The concern over getting shingles tends to grow as we age. The Centers for Disease Control and Prevention (CDC) advises people 60 years old and over to be vaccinated against shingles whether or not they remember ever having suffered from chickenpox, which is caused by the identical virus as shingles. No age limit has been set by CDC for getting the vaccine.
Medicare benefits for the shingles vaccine
The vaccine to protect against shingles is not covered by Medicare Parts A or B. However, it may be covered by your Part D prescription drug coverage. Part B does cover flu, hepatitis B and pneumococcal shots. Part D covers all the other recommended adult immunizations, which includes vaccines developed for shingles and TDAP (tetanus, diphtheria and pertussis).
How to get the shingles shot
A prescription is required and some pharmacies can deliver the shot as well. It can also be performed at a medical office. Some doctors will obtain and dispense the product, and others may require that you purchase it at the pharmacy and bring it to the doctor’s office to provide the service. Either way, be sure the pharmacy and doctor are in your plan’s network to reduce your out-of-pocket costs.
People who should not get the shot
Medicare benefits aside, the CDC suggests that people in the following situations avoid the shot:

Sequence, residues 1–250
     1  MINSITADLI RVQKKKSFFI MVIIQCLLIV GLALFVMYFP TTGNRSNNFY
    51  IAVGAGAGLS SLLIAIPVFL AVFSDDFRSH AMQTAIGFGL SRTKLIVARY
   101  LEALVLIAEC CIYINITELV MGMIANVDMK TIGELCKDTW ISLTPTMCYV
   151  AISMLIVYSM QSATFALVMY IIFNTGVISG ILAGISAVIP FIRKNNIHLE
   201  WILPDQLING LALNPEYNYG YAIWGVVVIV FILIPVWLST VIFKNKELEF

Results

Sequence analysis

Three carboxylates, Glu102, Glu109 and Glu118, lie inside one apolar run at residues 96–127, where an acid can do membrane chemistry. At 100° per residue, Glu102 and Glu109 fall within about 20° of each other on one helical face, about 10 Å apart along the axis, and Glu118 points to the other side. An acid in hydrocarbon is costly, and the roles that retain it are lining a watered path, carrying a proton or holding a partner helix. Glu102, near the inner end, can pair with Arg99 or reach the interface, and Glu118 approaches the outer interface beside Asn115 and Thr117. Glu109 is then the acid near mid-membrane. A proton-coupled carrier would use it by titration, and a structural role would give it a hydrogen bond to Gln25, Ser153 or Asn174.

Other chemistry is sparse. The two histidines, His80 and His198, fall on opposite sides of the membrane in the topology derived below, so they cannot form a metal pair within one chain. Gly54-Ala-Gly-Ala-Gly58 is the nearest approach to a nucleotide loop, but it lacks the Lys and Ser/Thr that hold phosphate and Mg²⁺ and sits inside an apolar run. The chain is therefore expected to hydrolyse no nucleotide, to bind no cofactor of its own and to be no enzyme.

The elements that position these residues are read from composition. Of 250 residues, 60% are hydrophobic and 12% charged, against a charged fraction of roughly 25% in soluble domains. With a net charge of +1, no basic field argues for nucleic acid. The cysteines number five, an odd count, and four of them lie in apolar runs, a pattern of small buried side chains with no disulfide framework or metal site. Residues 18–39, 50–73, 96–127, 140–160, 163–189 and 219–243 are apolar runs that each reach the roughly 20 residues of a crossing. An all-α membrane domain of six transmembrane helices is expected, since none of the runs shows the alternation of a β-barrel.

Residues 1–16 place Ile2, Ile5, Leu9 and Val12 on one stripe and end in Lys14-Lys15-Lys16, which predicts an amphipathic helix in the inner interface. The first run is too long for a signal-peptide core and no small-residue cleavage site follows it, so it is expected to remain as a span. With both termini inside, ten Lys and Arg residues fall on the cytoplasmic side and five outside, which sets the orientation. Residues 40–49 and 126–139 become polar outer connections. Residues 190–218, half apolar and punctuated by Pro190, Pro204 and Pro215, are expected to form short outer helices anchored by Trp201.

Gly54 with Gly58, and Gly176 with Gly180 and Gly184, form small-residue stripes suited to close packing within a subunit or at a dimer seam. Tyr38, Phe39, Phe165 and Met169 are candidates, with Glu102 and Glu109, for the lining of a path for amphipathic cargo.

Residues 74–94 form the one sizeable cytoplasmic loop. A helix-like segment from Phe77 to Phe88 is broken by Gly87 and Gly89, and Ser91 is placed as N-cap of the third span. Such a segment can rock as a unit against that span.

- People with a compromised immune system, which may be due to HIV/AIDS, steroids, certain types of cancer or cancer treatments.
- Pregnant women or women planning to conceive within the month following the shot.
- Unwell people with a moderate or severe acute condition and anyone with a temperature reading of 101.3 degrees Fahrenheit or more.
Types of vaccines to help prevent shingles
There are two types of shingles vaccines on the market: Zostavax and, since 2017, Shingrix.
For healthy people who are 50 years and older, CDC recommends two doses of Shingrix two to six months apart. This vaccine protects against not only shingles but also postherpetic neuralgia (PHN), which is a common and potentially long-lasting complication of shingles that causes severe pain.
Zostavax is administered in one dose, either in a physician’s office or at a pharmacy. CDC states that it is most effective for adults between the ages of 60 and 70, and may benefit seniors 70 years and older.
Part D Medicare benefits
Through your drug plan’s administrator or website, check your coverage for the vaccine and its administration. There may be coinsurance or copayments required, so it’s a good idea to be prepared for any out-of-pocket costs. Discuss options with your doctor to determine which vaccine is appropriate for you and where the shot should be administered.